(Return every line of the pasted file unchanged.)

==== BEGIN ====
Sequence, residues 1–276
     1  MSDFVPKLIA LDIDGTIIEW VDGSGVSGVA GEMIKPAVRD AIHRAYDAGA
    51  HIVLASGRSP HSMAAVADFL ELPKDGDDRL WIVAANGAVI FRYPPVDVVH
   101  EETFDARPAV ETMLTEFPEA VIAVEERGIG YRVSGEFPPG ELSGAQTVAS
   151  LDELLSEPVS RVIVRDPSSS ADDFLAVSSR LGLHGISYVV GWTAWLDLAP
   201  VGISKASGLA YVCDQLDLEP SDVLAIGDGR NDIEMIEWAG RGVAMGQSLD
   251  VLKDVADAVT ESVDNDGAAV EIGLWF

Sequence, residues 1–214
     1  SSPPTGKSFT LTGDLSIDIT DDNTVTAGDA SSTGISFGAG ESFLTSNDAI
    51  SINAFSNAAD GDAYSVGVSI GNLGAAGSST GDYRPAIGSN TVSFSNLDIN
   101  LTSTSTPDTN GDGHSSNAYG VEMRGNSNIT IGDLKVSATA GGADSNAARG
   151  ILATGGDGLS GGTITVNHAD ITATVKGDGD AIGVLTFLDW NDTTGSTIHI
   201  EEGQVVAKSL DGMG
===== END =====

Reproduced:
Sequence, residues 1–276
     1  MSDFVPKLIA LDIDGTIIEW VDGSGVSGVA GEMIKPAVRD AIHRAYDAGA
    51  HIVLASGRSP HSMAAVADFL ELPKDGDDRL WIVAANGAVI FRYPPVDVVH
   101  EETFDARPAV ETMLTEFPEA VIAVEERGIG YRVSGEFPPG ELSGAQTVAS
   151  LDELLSEPVS RVIVRDPSSS ADDFLAVSSR LGLHGISYVV GWTAWLDLAP
   201  VGISKASGLA YVCDQLDLEP SDVLAIGDGR NDIEMIEWAG RGVAMGQSLD
   251  VLKDVADAVT ESVDNDGAAV EIGLWF

Sequence, residues 1–214
     1  SSPPTGKSFT LTGDLSIDIT DDNTVTAGDA SSTGISFGAG ESFLTSNDAI
    51  SINAFSNAAD GDAYSVGVSI GNLGAAGSST GDYRPAIGSN TVSFSNLDIN
   101  LTSTSTPDTN GDGHSSNAYG VEMRGNSNIT IGDLKVSATA GGADSNAARG
   151  ILATGGDGLS GGTITVNHAD ITATVKGDGD AIGVLTFLDW NDTTGSTIHI
   201  EEGQVVAKSL DGMG